> > product/service built.
                                    > >
                                    > > An e-commerce site might need interaction design, information
                                    > > architecture, usability evaluation graphic design, service design,
                                    > > corporate identity design, etc.
                                    > >
                                    > > 2. Some of these people have titles that identify the single
                                    > > discipline they practice (graphic design) and other do not.
                                    > (As noted,
                                    > > "usability people" might practice a variety of disciplines.)
                                    > >
                                    > > 3. That there is value in identifying the common thread and
                                    > methods,
                                    > > and value in developing the various disciplines with greater rigor.
                                    > >
                                    > > Thus, we're starting to see some umbrella organizations emerge to
                                    > > represent the larger practice of User Experience Design. These
                                    > > organizations include AIGA-ED and UXnet.net.
                                    > >
                                    > > We're also starting to see some new discipline-focused
                                    > organizations
                                    > > like AIFIA and IxDG that advocate for more narrow
                                    > definitions of their
                                    > > respective disciplines.
                                    > >
                                    > > And of course, as with all naming exercises, this one had plenty of
                                    > > politics and controversy too. ;-)
                                    > >
                                    > > JS
                                    > >
                                    > >
                                    > >
                                    > > --- Kay Burnett <kayburnett2002@...> wrote:
                                    > >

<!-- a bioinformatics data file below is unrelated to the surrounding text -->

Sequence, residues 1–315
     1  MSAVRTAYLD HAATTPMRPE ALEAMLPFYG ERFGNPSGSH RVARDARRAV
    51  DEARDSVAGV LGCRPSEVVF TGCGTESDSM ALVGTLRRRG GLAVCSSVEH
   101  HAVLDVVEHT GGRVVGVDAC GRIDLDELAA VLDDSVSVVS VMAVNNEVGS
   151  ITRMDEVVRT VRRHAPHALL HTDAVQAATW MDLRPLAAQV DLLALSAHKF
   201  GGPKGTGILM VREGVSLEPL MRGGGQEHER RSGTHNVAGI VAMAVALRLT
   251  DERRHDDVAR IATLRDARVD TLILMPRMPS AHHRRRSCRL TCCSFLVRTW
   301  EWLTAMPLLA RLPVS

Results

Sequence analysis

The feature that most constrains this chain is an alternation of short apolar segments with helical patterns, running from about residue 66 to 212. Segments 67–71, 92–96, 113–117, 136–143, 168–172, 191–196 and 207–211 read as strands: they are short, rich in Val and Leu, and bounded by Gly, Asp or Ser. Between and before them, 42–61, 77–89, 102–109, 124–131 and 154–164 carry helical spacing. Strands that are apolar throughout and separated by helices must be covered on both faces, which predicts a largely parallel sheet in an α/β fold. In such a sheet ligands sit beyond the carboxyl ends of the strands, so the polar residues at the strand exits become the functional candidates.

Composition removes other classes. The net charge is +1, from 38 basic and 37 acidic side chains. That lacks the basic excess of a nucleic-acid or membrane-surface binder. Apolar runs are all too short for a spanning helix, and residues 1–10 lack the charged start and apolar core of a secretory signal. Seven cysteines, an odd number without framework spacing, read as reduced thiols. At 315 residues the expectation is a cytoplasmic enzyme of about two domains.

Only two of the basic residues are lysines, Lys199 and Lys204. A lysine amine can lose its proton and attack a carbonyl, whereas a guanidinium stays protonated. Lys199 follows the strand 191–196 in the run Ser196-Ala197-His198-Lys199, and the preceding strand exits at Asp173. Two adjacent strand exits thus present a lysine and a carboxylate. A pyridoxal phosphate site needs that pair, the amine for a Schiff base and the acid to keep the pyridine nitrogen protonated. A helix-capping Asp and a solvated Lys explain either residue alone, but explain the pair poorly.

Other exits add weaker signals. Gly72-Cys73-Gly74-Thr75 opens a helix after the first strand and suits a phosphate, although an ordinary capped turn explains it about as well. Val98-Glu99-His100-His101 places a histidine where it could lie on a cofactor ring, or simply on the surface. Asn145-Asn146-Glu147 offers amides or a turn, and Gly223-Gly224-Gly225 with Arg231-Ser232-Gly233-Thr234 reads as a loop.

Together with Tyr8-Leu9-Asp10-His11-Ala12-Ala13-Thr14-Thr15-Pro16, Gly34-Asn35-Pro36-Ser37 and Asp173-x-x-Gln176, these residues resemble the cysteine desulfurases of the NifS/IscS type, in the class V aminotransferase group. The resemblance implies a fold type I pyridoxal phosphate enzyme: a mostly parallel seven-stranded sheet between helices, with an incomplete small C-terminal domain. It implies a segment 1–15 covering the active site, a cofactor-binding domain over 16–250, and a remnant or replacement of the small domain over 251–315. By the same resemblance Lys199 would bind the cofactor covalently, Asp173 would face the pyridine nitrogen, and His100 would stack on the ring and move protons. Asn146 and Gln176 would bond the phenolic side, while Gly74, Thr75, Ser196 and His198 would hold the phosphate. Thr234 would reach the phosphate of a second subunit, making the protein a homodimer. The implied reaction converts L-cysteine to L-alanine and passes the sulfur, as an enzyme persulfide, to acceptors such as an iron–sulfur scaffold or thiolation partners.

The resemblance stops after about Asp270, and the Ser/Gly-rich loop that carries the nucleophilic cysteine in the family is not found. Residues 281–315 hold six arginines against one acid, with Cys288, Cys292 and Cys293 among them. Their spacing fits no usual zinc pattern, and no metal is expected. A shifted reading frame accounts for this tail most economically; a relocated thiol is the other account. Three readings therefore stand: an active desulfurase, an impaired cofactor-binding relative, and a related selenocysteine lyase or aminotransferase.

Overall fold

> > > I have
                                    > > > thought for some time that the title or topic of
                                    > "usability" needs
                                    > > > to either be defined narrowly or be expanded
                                    > >
                                    > >
                                    > >
                                    > > Yahoo! Groups Links
                                    > >
                                    > >
                                    > >
                                    > >
                                    > >
                                    > >
                                    >
                                    >
                                    >
                                    >
                                    >
                                    >
                                    > Yahoo! Groups Links
                                    >
                                    >
                                    >
                                    >
                                    >
                                    >
                                    >
                                    >
                                  • Larry Constantine
                                    Jamie wrote: Absolutely. I use software to accomplish tasks. I want the software to work. I want to get the job done efficiently and move on. Makes me
                                    Message 17 of 26 , Feb 25, 2005
                                      Jamie wrote:

                                      "Absolutely. I use software to accomplish tasks. I want the software to
                                      work. I want to get the job done efficiently and move on. Makes me want to
                                      reread "Software for Use"."

                                      Go for it! :-) I'll even autograph your copy.

                                      I am increasingly convinced that mainstream user-centered design has drifted
                                      off target, although I get brickbats every time I dare to suggest this in
                                      public. I did stick my neck out recently in the Cutter IT Journal in a
                                      provocative article called "Beyond User-Centered Design"
                                      (http://www.cutter.com/offers/userdesign.html).

                                      --Larry Constantine, IDSA
                                      Chief Scientist | Constantine & Lockwood Ltd | www.foruse.com